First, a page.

4 Things You Should Know About Business Credit Cards Choosing a credit card can be tough, but it can be even more difficult for business owners who are unfamiliar with the business-credit landscape.

By Kari Luckett

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Monica Dipres

According to the U.S. Small Business Administration's Office of Advocacy, young firms rely heavily on external debt, receiving about three-quarters of their funds from banks via loans, credit cards and lines of credit. Choosing a credit card can be tough, but it can be even more difficult for business owners who are unfamiliar with the business-credit landscape.

Related: Five Ways to Build Business Credit

Here are four things every business owner should know about business credit cards.

1. Free accounting features

It's incredibly important to maintain separate personal and business finances. Almost all business credit cards come with accounting tools to help simplify your finances, which can save loads of time when tax season rolls around. When you open a business credit card, you can expect to get things like account monitoring and tracking, expense reporting, downloadable purchase records, year-end summaries, QuickBooks integration and more. Just be sure you check the terms and conditions of your card before applying, so you know exactly what you're getting.

2. Rapid rewards accumulation.

The reward-earning potential you get with business credit cards is basically three-fold. Did you know that Visa, MasterCard and American Express business credit cards have their own rewards program? Once you're enrolled (if required) in the program, there are additional reward earnings extended to the business account. A few examples include rebates and discounts for purchases made on fuel, hotels, car rentals and shipping providers, or earn rewards for shopping with featured partners.

You can earn rewards on all purchases with bonus reward categories, like 5 percent cash back on purchases made at office supply stores. As an added bonus, you can rack up rewards even faster with employee credit cards.

Related: Should You Issue Company Credit Cards?

3. Free employee credit cards

There are plenty of benefits to issuing credit cards to employees. To start, all employee-issued rewards credit cards are eligible to earn rewards on their purchases, which will be applied to the main account holder, so you never have to worry about losing your rewards. Another bonus to employee credit cards is streamlined reporting and account monitoring, where you can set the spending limit and create alerts for certain account activity. Most business credit card accounts offer employee credit cards for free up to a certain number issued. After that, a small fee may be applied.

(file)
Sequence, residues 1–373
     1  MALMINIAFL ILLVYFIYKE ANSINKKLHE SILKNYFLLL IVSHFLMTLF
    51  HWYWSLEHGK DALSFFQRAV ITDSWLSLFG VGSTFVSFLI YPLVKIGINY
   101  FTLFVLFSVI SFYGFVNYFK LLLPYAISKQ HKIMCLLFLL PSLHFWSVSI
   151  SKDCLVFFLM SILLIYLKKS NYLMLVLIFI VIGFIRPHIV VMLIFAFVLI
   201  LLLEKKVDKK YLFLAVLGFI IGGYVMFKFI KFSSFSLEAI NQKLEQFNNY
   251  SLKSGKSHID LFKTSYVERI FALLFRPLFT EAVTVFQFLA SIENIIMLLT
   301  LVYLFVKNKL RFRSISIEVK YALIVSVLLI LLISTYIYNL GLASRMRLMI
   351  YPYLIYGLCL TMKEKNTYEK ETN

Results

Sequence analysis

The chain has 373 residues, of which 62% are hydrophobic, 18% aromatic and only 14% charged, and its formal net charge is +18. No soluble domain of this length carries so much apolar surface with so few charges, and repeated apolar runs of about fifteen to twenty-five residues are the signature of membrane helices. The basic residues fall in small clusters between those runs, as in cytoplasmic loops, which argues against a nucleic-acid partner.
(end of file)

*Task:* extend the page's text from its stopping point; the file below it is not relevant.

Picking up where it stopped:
4. Not all business cards report your business score.

Although all credit lines opened in your name will be reported, you want to make sure your account activity is reported to the right credit bureaus. If you're trying to maintain a separate personal and business credit profile, it's essential that your account activity with your business credit card is reported to a business credit bureau, such as Equifax, Experian, D&B or FICO SBSS.

You can check your business credit score for free by signing up with Nav.com.

Related: Oops, IOU? How the World's First Modern Credit Card Was Invented.

Kari Luckett

Content Strategist and Financial Expert, CompareCards.com

Kari Luckett is content strategist for CompareCards, one of the most trusted credit card comparison companies. She is responsible for compliance oversight and managing the company’s blog, CompareWallet. Her expertise involves financial education, credit reports/scores, money management, credit card security and debt management.

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